Drivers who worked for ride-hailing service Uber in California and Massachusetts over the past seven years would have been entitled to an estimated $730 million in expense reimbursements had they been employees rather than contractors, according to court documents made public on Monday.
The figure was calculated by attorneys for drivers in a class action against the company, based on a standard rate for mileage reimbursement set by the U.S. government, and on data provided by Uber. Uber disputes the idea that drivers would ever be entitled to that reimbursement rate.
Uber and smaller rival Lyft are attempting to settle legal actions by drivers who contend they should be classified as employees and therefore entitled to reimbursement for expenses, including gasoline and vehicle maintenance. Drivers currently pay those costs themselves.
The proposed Uber settlement would pay drivers up to $100 million. A San Francisco federal judge must decide whether that deal is fair, and the total potential damages at play in the lawsuit will likely bear on his analysis.
According to attorneys for the drivers, the total value of driver claims in the Uber case is $852 million, which includes a tips claim. Uber calculates the total value of plaintiff claims at $429 million.
The $100 million Uber settlement represents about 12 percent of potential $852 million in damages, or about 23 percent of $429 million.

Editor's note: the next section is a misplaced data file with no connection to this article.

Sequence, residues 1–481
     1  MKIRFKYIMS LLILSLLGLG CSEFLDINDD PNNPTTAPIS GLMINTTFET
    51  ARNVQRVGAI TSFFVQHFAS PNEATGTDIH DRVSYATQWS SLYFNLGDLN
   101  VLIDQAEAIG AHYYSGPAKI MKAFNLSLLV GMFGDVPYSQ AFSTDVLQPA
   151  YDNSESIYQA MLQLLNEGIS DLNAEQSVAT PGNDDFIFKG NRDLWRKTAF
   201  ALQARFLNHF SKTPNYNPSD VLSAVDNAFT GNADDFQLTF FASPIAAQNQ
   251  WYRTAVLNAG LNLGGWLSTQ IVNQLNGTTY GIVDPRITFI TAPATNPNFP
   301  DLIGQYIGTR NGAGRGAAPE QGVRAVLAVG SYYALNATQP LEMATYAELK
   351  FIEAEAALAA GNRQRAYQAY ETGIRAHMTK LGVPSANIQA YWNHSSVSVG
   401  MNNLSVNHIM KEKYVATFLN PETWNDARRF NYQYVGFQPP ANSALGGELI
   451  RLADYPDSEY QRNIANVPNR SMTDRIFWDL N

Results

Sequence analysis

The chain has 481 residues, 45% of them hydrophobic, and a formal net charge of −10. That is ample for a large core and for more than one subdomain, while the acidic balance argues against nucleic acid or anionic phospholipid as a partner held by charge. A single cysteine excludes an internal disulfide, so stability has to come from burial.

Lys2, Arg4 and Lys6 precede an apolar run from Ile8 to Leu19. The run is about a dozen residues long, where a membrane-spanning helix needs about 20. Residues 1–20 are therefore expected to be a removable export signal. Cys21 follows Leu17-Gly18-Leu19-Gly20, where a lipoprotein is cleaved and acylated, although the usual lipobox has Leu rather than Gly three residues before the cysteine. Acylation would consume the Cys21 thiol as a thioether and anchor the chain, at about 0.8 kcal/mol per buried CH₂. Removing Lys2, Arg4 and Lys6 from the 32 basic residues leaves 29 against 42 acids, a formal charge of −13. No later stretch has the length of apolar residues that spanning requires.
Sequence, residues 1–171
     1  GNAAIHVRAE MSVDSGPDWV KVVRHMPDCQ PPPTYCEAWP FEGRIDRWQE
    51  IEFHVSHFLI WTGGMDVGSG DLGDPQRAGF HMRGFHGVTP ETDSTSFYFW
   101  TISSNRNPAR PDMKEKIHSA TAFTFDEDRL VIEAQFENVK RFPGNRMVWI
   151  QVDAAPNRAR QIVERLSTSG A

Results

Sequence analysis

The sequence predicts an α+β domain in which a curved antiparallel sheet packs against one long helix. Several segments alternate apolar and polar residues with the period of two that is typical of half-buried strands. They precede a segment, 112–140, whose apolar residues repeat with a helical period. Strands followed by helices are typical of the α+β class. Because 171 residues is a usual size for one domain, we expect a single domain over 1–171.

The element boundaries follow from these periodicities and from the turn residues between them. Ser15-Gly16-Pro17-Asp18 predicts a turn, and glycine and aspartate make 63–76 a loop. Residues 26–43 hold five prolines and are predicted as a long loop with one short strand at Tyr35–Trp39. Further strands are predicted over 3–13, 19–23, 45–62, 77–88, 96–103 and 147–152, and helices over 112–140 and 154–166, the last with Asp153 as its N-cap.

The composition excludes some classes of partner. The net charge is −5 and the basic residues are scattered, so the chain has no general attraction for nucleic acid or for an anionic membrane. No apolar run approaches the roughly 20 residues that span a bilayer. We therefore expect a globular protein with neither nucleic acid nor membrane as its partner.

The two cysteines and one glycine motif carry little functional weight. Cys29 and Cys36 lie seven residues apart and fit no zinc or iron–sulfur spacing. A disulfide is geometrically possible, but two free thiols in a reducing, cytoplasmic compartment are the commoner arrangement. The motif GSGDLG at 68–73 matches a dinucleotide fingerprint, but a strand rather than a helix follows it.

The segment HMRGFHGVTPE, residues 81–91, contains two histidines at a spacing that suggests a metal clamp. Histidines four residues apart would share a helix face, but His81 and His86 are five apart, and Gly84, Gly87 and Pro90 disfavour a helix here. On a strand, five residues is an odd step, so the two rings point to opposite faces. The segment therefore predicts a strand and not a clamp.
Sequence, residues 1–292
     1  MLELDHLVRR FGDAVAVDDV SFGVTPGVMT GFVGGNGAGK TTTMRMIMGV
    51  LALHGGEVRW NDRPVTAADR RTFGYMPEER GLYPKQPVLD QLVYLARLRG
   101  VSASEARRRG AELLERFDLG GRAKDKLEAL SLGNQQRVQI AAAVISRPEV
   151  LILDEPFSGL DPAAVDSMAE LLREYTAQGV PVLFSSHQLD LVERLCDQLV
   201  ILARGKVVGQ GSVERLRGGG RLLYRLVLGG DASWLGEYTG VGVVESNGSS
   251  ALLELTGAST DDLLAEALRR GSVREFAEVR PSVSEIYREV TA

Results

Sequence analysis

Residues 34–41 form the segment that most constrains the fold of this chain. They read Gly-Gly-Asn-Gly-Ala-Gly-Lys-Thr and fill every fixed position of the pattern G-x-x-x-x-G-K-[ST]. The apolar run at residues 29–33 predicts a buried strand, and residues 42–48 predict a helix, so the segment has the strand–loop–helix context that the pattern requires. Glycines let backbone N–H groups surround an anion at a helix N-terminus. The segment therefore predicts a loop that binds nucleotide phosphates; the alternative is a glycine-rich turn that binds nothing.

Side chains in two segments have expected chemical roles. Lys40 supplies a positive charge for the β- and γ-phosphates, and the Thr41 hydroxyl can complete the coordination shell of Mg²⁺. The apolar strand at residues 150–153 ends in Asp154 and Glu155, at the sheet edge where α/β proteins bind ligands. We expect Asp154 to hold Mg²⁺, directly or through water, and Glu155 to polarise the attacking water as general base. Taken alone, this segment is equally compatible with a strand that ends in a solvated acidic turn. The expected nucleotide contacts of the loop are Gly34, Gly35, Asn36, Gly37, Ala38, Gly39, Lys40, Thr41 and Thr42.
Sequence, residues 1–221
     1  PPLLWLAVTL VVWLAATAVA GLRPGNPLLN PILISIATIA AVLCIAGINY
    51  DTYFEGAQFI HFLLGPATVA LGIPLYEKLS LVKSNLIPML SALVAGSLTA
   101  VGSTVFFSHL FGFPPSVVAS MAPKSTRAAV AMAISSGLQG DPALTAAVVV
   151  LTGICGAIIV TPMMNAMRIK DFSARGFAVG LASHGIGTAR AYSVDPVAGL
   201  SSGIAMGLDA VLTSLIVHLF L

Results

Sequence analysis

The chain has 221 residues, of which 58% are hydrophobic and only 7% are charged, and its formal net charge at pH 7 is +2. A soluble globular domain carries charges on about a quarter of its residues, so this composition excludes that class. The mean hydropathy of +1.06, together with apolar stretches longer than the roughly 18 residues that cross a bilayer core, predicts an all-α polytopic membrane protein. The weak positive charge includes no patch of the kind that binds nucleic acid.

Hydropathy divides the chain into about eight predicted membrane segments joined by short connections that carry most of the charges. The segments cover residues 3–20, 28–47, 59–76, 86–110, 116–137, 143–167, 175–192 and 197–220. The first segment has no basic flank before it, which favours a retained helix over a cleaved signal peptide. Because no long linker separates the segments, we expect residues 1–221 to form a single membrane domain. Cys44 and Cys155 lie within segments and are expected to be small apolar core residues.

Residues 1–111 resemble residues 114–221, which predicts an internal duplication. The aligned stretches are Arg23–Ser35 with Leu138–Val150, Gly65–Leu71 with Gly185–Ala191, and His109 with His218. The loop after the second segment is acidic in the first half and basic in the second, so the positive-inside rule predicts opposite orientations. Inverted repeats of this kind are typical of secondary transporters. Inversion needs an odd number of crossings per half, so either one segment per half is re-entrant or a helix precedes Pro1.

While the deal does not elevate drivers to employees, attorneys for drivers have defended it, saying they faced significant risks had the case moved forward. They also say drivers who have worked several months could be entitled to thousands of dollars each under the settlement.
Beyond the money, Uber Technologies Inc. also agreed to a new policy governing driver termination, including an appeals process for drivers terminated by Uber. The privately held company will also clarify that drivers do not automatically receive gratuities from their fares and will allow them to solicit tips.
Additionally, the company agreed to assist with the creation of a drivers’ association. Those nonmonetary commitments expire in two years.
(Editing by Matthew Lewis)
Was this article valuable?
Here are more articles you may enjoy.